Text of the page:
May 12, 2017
This is one of the LAO's responses to the 2017-18 May Revision. Other LAO responses are here.
This post presents our May 2017 General Fund revenue outlook for 2015-16 through 2020-21. Our estimates of General Fund revenues and transfers are slightly above those of the administration—nearly $900 million over 2015-16, 2016-17, and 2017-18 combined.
Figure 1 presents our General Fund revenue outlook for 2015-16 through 2020-21. Our estimates of General Fund revenues and transfers are slightly above those of the administration—nearly $900 million over 2015-16, 2016-17, and 2017-18 combined. Our May 2017 revenue outlook is based on an economic scenario that assumes continuing economic growth for the next several years. Alternatively, if a recession occurs over this time frame—or if economic growth is slower than we assume—General Fund revenues would be substantially below the levels shown in the figure.
Healthy Growth in Taxable Wages Assumed. Based on our consensus economic growth scenario, Californians' wages and salaries are projected to grow at a healthy pace over the next few years. Wage and salary growth is the principal driver of PIT revenue growth. While the economic growth scenario anticipates a continued slowing in job growth in the state, it also anticipates that individuals' salaries will increase over the next couple of years due to a tightening labor market and rising minimum wages, among other factors. In our revenue projections, overall taxable wages and salaries of California residents grow by 6 percent in 2017, 7 percent in 2018, and another 6 percent in 2019.
Temporary Capital Gains Boost and Potential Stagnation Later. Based on recent data received from state tax agencies, Californians' capital gains over the last few years are less than we assumed previously. Our new revenue projections reflect this information, with 2015 capital gains down from $127 billion in our November 2016 estimates to $118 billion now. Stocks were weak during the early part of 2016, and we now estimate that 2016 capital gains fell to $114 billion—similar to the amount assumed by the administration in its revenue estimates. (Hard data on 2016 capital gains will only emerge after extension filers send in their PIT returns this fall.)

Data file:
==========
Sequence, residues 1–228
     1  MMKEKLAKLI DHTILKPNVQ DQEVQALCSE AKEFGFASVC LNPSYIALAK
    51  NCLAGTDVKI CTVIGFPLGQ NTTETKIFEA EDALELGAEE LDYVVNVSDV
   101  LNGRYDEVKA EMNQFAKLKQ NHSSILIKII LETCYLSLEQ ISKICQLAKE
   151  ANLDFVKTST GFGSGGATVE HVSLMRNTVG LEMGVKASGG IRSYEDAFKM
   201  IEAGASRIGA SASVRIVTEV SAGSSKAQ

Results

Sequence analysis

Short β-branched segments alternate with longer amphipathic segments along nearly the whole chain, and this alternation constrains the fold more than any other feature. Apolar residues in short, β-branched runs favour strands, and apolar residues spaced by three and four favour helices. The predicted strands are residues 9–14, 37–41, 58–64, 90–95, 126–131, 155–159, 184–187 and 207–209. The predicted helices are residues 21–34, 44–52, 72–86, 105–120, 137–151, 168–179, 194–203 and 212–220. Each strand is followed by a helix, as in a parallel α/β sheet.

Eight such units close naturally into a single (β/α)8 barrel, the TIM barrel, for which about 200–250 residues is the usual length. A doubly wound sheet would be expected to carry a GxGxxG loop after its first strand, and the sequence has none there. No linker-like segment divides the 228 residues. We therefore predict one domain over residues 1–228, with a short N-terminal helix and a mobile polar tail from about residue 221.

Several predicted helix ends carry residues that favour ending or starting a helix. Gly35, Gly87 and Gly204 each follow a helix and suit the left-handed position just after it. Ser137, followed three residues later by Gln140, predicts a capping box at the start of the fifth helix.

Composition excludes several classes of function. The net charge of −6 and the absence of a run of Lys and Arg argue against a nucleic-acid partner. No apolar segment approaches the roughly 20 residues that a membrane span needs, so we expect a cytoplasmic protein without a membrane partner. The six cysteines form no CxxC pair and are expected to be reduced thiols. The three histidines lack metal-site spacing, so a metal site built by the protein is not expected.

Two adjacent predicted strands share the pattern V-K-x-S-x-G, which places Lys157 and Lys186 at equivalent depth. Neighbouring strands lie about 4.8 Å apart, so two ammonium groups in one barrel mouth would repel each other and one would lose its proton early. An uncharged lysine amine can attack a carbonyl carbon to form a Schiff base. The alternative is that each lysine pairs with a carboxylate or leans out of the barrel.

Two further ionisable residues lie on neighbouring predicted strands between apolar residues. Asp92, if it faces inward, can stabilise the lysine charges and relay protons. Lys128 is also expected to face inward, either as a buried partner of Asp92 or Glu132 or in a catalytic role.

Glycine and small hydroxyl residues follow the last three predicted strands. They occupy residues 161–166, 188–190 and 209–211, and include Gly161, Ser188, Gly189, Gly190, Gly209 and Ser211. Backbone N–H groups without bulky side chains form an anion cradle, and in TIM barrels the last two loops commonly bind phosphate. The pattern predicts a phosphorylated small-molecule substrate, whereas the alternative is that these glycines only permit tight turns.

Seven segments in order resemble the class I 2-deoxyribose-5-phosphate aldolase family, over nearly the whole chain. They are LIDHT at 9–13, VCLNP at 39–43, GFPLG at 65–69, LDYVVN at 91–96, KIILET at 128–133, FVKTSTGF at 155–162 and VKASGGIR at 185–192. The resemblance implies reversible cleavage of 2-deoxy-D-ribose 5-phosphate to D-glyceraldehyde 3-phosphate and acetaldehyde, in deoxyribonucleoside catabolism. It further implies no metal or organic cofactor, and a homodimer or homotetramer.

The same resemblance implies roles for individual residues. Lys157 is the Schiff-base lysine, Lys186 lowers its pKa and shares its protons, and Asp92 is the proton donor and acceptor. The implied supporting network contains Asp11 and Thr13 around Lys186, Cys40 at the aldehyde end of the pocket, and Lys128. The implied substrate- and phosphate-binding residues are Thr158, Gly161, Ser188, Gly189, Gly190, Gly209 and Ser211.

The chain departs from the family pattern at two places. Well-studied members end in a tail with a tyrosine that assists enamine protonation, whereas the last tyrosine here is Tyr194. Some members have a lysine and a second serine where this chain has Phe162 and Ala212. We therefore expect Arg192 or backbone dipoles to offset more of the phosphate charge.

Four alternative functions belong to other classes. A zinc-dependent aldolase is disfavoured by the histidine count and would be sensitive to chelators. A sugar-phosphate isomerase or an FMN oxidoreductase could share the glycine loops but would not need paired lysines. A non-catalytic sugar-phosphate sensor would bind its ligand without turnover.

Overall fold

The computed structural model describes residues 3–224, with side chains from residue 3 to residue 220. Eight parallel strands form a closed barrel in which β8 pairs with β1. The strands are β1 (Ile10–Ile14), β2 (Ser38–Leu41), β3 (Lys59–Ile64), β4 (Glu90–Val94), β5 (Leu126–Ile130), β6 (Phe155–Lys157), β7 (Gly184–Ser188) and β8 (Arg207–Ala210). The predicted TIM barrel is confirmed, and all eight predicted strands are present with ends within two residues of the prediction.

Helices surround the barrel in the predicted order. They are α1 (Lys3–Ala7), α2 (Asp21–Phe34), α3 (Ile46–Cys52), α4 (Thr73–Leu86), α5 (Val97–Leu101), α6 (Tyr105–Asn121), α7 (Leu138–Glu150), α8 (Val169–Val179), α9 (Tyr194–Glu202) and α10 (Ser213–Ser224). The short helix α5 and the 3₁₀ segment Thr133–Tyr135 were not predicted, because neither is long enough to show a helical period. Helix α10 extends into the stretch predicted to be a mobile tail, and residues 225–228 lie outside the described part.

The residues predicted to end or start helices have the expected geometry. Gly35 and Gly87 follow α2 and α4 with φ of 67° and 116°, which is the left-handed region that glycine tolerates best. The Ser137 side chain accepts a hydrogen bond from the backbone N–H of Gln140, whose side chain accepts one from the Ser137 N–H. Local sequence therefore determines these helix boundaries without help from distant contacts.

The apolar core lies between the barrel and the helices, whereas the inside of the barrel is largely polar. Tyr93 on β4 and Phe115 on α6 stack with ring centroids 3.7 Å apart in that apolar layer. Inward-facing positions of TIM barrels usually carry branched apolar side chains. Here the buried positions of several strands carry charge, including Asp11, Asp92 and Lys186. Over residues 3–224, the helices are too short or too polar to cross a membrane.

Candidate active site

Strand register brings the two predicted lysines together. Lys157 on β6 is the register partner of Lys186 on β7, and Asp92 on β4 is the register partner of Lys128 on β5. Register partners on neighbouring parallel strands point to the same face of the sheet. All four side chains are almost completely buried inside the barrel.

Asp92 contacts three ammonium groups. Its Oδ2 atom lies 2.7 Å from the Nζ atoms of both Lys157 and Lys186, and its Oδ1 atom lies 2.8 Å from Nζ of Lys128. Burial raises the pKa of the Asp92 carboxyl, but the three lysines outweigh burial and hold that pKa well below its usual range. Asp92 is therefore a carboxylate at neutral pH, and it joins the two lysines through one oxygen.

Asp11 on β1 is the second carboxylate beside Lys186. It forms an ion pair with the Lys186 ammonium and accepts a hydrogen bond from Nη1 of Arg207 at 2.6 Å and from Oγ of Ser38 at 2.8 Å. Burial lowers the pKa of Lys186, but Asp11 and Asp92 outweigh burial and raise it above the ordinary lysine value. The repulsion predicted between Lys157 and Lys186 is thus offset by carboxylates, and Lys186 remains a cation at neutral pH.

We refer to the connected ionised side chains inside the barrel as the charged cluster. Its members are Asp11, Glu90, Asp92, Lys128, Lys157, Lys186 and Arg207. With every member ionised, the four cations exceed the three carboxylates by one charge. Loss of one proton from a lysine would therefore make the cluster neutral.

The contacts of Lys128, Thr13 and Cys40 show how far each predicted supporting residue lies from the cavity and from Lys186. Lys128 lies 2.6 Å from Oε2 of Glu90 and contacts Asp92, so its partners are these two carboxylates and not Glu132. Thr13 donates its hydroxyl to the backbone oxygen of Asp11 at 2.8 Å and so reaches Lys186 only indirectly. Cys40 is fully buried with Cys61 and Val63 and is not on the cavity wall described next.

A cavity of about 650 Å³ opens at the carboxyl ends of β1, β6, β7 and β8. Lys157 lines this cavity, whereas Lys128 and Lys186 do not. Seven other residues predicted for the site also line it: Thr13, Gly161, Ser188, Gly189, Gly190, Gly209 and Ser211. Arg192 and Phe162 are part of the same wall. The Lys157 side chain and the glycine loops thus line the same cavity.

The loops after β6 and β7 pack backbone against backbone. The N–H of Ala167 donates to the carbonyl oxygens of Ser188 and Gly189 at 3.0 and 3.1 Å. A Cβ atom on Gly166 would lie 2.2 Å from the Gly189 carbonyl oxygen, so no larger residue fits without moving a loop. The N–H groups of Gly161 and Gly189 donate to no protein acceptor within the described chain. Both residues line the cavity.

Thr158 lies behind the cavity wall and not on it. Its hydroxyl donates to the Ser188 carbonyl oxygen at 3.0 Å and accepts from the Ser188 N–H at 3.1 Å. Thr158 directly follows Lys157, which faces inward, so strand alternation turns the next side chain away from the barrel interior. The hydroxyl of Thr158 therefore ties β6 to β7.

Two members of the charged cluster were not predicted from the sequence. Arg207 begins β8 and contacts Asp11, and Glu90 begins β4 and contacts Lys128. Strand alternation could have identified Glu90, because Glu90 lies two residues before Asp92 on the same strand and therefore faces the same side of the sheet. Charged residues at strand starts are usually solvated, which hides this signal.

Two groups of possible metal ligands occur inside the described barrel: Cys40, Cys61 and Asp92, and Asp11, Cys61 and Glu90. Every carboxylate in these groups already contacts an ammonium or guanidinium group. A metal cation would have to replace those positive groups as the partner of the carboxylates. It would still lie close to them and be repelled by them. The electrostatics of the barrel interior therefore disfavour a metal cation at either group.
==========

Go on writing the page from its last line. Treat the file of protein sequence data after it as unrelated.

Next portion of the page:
With the booming stock market of recent months, those selling stocks now are recording much larger gains than they would have a year ago. Therefore, our current projections anticipate that capital gains income on 2017 PIT returns will grow substantially to $138 billion before dropping over the next couple of years when stock prices are assumed to stagnate. General Fund capital gains tax revenue—a key factor in determining Proposition 2 (2014) debt payments and budget reserve requirements—climbs from $12.1 billion in 2016-17 to $13.3 billion in 2017-18 under our estimates before falling back to around $12 billion during the following two fiscal years. The administration’s capital gains tax revenue estimates are similar to ours during that period. However, we estimate that June 2017 PIT collections will be around $1 billion higher than the administration does, which explains our higher PIT estimates for 2016-17.